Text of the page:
Cresyl saligenin phosphate makes multiple adducts on free histidine, but does not form an adduct on histidine 438 of human butyrylcholinesterase

Research output: Contribution to journalArticle

1 Scopus citations

Abstract

Cresyl saligenin phosphate (CBDP) is a suspected causative agent of "aerotoxic syndrome", affecting pilots, crew members and passengers. CBDP is produced in vivo from ortho-containing isomers of tricresyl phosphate (TCP), a component of jet engine lubricants and hydraulic fluids. CBDP irreversibly inhibits butyrylcholinesterase (BChE) in human plasma by forming adducts on the active site serine (Ser-198). Inhibited BChE undergoes aging to release saligenin and o-cresol. The active site histidine (His-438) was hypothesized to abstract o-hydroxybenzyl moiety from the initial adduct on Ser-198. Our goal was to test this hypothesis. Mass spectral analysis of CBDP-inhibited BChE digested with Glu-C showed an o-hydroxybenzyl adduct (+106 amu) on lysine 499, a residue far from the active site, but not on His-438. Nevertheless, the nitrogen of the imidazole ring of free l-histidine formed a variety of adducts upon reaction with CBDP, including the o-hydroxybenzyl adduct, suggesting that histidine-CBDP adducts may form on other proteins.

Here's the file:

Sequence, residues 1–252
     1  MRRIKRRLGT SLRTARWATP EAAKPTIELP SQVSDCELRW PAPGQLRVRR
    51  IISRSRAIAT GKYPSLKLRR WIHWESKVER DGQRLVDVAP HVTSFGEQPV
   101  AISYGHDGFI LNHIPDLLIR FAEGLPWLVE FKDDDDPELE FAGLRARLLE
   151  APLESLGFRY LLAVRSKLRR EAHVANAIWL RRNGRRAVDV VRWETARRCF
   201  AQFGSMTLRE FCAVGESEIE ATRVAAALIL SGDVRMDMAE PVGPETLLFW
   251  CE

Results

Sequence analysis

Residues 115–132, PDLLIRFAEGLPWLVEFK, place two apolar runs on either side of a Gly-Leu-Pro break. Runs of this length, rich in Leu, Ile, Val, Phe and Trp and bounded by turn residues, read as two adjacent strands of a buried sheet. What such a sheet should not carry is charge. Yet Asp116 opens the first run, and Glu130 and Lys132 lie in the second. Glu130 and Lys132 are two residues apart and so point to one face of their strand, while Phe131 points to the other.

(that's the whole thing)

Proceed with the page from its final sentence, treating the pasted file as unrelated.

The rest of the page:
Original languageEnglish (US)
Pages (from-to)103-107
Number of pages5
JournalChemico-Biological Interactions
Volume203
Issue number1
DOIs
StatePublished - Mar 25 2013

Keywords

  • Aging
  • Butyrylcholinesterase
  • CBDP
  • Histidine
  • TCP
  • o-Hydroxybenzyl

ASJC Scopus subject areas

  • Toxicology

Fingerprint Dive into the research topics of 'Cresyl saligenin phosphate makes multiple adducts on free histidine, but does not form an adduct on histidine 438 of human butyrylcholinesterase'. Together they form a unique fingerprint.

  • Cite this